RESEARCH SUPPORT, NON-U.S. GOV'T
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Anti-glomerular basement membrane antibody disease is an uncommon cause of end-stage renal disease.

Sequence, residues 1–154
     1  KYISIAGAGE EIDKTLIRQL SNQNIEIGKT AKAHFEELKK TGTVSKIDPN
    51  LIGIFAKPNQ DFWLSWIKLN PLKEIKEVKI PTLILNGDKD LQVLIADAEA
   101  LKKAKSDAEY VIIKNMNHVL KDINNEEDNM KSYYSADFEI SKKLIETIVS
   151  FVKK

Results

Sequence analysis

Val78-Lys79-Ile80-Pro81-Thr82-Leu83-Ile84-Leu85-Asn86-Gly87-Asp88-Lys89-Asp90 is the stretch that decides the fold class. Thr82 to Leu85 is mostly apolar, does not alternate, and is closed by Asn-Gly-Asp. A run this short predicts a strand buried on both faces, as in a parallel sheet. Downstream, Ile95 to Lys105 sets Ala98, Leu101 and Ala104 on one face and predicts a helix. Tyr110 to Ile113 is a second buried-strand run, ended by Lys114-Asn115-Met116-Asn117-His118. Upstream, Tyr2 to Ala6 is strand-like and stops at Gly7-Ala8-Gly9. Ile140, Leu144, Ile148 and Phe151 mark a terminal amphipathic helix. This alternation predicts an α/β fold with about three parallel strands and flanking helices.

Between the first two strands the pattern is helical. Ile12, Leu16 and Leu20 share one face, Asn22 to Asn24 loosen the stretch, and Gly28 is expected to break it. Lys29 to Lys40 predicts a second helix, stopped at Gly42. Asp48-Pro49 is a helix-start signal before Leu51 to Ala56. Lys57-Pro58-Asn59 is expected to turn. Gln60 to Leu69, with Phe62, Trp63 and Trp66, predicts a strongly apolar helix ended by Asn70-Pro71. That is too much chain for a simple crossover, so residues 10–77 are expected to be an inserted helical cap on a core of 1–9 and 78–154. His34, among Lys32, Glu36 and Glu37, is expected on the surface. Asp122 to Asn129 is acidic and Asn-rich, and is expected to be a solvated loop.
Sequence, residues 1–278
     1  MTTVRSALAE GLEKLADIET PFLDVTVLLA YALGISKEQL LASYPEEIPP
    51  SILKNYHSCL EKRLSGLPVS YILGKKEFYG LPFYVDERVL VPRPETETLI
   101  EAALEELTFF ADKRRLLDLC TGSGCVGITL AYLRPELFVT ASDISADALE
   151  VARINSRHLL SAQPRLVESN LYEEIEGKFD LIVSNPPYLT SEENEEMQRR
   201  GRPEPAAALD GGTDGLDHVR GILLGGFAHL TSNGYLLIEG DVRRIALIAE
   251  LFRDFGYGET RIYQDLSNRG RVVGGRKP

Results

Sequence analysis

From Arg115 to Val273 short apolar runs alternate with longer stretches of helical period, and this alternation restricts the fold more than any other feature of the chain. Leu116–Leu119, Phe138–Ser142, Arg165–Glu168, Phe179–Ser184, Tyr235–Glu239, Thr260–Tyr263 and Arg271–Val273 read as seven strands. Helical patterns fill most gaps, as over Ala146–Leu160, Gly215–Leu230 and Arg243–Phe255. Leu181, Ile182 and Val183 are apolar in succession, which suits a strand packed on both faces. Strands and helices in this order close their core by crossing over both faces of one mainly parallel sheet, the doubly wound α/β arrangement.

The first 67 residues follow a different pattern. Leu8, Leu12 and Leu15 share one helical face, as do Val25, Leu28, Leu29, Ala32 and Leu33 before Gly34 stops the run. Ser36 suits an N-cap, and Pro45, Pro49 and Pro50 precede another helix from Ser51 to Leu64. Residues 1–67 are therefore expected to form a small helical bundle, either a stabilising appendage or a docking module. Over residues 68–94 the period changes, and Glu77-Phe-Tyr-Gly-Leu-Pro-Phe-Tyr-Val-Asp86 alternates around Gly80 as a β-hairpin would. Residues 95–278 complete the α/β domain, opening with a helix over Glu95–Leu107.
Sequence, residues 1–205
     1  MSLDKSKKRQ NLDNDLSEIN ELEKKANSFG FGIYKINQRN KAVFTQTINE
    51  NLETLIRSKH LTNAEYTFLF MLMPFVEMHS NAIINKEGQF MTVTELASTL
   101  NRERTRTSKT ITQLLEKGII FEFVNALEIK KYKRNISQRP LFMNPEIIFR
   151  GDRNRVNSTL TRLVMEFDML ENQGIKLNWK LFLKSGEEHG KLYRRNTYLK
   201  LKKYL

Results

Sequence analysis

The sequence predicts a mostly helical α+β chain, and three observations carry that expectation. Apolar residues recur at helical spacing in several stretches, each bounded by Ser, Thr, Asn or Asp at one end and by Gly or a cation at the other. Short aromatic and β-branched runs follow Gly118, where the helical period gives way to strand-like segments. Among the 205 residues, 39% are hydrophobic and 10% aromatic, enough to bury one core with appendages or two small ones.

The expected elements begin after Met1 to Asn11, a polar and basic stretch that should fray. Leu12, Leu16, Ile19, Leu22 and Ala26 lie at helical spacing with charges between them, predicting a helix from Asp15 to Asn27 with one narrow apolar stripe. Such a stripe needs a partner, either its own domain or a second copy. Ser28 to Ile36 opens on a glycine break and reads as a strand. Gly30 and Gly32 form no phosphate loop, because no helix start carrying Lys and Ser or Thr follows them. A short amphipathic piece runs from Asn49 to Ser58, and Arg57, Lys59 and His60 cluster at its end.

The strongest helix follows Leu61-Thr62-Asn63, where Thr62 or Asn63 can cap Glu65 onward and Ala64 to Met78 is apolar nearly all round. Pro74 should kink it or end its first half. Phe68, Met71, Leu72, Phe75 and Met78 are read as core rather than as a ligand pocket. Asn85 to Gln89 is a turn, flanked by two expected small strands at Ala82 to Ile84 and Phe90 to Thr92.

There are few reports regarding outcomes of anti-glomerular basement membrane (GBM) disease in patients who underwent renal replacement therapy. To help define this we studied all patients with anti-GBM disease who started renal replacement therapy for end-stage renal disease (ESRD) in Australia and New Zealand (ANZDATA Registry) between 1963 and 2010 encompassing 449 individuals (0.8 percent of all ESRD patients). The median survival on dialysis was 5.93 years with death predicted by older age and a history of pulmonary hemorrhage. Thirteen patients recovered renal function, although 10 subsequently experienced renal death after a median period of 1.05 years. Of the 224 patients who received their first renal allograft, the 10-year median patient and renal allograft survival rates were 86% and 63%, respectively. Six patients experienced anti-GBM disease recurrence in their allograft, which led to graft failure in two. Using multivariable Cox regression analysis, patients with anti-GBM disease had comparable survival on dialysis or following renal transplantation (hazard ratios of 0.86 and 1.03, respectively) compared to those with ESRD due to other causes. Also, renal allograft survival (hazard ratio of 1.03) was not altered compared to other diseases requiring a renal transplant. Thus, anti-GBM disease was an uncommon cause of ESRD, and not associated with altered risks of dialysis, transplant or first renal allograft survival. Death on dialysis was predicted by older age and a history of pulmonary hemorrhage.

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